Her baby secret is out
Twenty–six–year–old nurse Courtney Clay longs to be a mother. Husband and father candidates in tiny Weaver, Wyoming? None. So she's carefully checking out profiles on a sperm–bank registry. But when Courtney takes in Mason Hyde after his accident, the oh–so–familiar private patient sprawled in her cot has her remembering old dreams–about a long–ago passionate night spent with this gorgeous gone–the–next–morning secret agent.
If Mason thought for one minute he'd be a good father, he'd loan himself to his beautiful nurse—forever. But Courtney's solo baby plan will go full speed ahead without him...unless this lone ranger figures out how he really feels. Fast.
"synopsis" may belong to another edition of this title.
A frequent name on bestseller lists, Allison Leigh's highpoint as a writer is hearing from readers that they laughed, cried or lost sleep while reading her books. She credits her family with great patience for the time she's parked at her computer, and for blessing her with the kind of love she wants her readers to share with the characters living in the pages of her books. Contact her at www.allisonleigh.comExcerpt. © Reprinted by permission. All rights reserved.:
Mason Hyde said adamantly as he stared up at his boss. And he hoped to hell he showed none of the alarm he was feeling. "You can't fire me."
"You insist on checking yourself out against medical advice and I'll have no choice." Coleman Black's voice was flat. Unmoved. "I don't need stupid agents. What I do need is you recovered and healthy, Mase." The gray-haired man frowned and moved across the hospital room, finally showing some emotion—even if Mason figured it was only irritation. "You just had surgery yesterday," Cole pointed out. "And two days before that, you were still in the hospital in Barcelona."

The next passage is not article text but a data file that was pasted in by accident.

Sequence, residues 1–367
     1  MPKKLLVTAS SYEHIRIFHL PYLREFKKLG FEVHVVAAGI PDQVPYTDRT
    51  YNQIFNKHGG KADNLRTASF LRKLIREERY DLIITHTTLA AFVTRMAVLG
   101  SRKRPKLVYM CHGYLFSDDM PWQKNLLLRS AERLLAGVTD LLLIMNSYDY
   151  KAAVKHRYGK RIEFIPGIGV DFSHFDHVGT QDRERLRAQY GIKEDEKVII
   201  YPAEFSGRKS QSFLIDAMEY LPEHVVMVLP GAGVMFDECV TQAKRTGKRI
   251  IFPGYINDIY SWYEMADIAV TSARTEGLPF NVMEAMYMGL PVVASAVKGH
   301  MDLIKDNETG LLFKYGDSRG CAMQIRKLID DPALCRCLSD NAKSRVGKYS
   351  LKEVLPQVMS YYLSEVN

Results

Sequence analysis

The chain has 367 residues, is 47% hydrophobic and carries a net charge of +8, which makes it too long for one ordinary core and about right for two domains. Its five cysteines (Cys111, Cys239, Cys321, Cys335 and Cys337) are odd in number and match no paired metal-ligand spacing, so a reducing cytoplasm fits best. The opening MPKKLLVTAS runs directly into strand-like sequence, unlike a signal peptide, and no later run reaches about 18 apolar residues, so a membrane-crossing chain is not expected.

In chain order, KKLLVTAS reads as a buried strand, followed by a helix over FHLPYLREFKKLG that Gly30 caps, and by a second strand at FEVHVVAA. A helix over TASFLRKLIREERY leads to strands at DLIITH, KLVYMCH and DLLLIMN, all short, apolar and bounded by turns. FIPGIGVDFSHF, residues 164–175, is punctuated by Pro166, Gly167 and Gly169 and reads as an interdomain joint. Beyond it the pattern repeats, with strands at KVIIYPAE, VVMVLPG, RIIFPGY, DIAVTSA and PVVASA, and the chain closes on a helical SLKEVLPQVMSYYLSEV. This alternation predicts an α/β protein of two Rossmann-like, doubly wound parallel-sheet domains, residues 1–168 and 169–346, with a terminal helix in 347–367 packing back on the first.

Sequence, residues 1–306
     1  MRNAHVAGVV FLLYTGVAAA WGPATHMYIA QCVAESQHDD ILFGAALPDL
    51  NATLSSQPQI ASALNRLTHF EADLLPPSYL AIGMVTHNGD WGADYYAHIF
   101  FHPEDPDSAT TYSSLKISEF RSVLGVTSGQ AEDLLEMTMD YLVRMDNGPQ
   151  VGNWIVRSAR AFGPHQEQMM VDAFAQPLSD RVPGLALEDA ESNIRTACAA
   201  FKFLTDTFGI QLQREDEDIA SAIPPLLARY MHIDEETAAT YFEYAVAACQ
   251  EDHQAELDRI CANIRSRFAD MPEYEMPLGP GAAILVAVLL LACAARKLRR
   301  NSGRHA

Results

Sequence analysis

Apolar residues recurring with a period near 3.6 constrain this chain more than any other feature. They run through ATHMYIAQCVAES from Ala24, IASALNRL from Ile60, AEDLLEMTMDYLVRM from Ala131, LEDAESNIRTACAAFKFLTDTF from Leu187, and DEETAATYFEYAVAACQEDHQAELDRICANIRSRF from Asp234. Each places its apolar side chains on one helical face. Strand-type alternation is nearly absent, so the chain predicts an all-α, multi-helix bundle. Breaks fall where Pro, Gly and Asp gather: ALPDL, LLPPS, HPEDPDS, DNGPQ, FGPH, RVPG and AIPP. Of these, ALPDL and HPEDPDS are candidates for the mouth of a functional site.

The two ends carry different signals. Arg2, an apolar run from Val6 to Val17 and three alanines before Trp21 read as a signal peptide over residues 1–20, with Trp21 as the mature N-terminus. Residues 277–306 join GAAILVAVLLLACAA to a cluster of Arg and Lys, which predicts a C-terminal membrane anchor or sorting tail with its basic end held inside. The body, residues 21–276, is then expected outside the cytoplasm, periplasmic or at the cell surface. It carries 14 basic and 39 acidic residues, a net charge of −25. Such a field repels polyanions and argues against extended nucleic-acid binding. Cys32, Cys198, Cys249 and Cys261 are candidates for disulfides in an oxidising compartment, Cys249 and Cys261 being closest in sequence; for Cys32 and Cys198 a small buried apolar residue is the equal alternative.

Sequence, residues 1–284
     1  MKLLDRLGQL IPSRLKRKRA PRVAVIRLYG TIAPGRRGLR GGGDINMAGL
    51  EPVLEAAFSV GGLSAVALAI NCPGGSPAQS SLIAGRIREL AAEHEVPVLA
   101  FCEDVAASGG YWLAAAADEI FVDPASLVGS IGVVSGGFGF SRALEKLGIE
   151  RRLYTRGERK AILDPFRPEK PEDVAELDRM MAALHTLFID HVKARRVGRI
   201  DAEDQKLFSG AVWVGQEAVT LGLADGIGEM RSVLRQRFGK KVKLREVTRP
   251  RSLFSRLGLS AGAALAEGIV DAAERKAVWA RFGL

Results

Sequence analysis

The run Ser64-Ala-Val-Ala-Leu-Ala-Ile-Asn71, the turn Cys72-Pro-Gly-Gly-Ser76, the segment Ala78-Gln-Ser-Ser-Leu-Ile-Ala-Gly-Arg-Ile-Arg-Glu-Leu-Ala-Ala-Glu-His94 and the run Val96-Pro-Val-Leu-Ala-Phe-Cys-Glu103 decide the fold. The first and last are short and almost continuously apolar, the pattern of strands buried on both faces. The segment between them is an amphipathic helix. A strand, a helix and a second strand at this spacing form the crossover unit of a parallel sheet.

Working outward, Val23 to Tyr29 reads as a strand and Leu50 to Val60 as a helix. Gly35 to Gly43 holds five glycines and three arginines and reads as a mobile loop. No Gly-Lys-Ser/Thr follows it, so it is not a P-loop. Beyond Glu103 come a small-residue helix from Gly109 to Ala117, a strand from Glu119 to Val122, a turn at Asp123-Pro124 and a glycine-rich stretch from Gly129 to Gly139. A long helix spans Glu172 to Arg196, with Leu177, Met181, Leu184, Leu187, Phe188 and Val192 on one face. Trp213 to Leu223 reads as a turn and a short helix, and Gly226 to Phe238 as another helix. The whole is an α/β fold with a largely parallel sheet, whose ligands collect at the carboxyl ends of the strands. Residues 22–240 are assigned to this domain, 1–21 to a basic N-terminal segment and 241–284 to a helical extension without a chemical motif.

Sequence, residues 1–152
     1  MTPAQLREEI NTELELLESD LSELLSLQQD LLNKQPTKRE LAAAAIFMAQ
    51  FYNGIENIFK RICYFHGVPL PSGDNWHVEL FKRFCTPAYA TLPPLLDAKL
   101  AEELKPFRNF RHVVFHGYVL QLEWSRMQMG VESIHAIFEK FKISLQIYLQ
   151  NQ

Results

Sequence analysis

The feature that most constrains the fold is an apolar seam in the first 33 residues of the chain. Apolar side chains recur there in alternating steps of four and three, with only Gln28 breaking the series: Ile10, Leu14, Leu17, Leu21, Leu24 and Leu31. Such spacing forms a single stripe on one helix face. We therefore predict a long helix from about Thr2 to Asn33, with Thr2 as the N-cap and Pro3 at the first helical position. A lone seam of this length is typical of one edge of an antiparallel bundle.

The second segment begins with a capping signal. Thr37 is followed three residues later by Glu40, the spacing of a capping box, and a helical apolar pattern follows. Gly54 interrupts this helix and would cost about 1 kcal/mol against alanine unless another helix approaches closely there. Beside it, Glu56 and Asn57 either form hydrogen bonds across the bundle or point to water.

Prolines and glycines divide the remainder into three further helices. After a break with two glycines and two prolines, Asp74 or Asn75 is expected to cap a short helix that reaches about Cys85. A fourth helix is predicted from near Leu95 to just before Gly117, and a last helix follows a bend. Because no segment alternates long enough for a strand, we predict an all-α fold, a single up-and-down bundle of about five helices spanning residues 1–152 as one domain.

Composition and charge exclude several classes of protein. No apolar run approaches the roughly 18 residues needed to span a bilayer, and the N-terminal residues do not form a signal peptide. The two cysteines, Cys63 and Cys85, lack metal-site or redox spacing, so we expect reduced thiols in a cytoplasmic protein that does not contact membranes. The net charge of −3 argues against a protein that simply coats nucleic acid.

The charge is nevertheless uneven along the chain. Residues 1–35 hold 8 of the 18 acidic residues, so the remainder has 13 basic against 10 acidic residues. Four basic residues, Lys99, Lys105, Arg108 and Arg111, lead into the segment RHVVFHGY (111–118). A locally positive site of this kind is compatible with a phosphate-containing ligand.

Mason grimaced and looked away. Maybe stupid was the perfect word to describe his desperation to get out of the hospital, but if anyone should understand why he needed to get out.. get away...it should have been Cole.
Yeah, he was Mason's boss. But he was also Mason's friend. And Mason didn't have many people in his life that he considered a friend. He had even fewer people in his life who knew his history like Cole did.
"I don't want to end up like I did before," he muttered, and hated that the admission made him feel weak.
Cole glanced at the open door to Mason's room and shook his head. "Maybe if you told the hospital what your history is, why you keep refusing the—"
"No." Mason cut the other man off. It had been ten years, for God's sake. But right now, lying there in a hospital bed while pain racked every corner of his body, it felt as if it were just yesterday.
Yesterday, when he'd been in another hospital—only that trip had been courtesy of an explosion rather than a deadly aimed SUV. Then, he'd been shot full of endless painkillers. Painkillers that had become the only thing he'd been able to think about and just about the only thing he'd been able to care about. He'd ended up losing everything—except his job—that really had mattered to him.
He'd be damned if he'd head down that road again.
And he'd be damned if he'd admit to anyone now what a hole he'd had to climb out of before. Particularly his doctors. "It has nothing to do with anything now," he muttered.
Cole raised his eyebrows and pointedly eyed the contraption that held Mason's casted left leg at a strange angle above the bed. A triangular bar was also suspended above Mason's chest, allowing the big man something to grab on to with his left hand, since his right was also in a long cast. "I believe the entire medical community would disagree," he said drily. Then he sighed, knowing that there were some arguments that never would work with Mason. The man marched to his own drummer.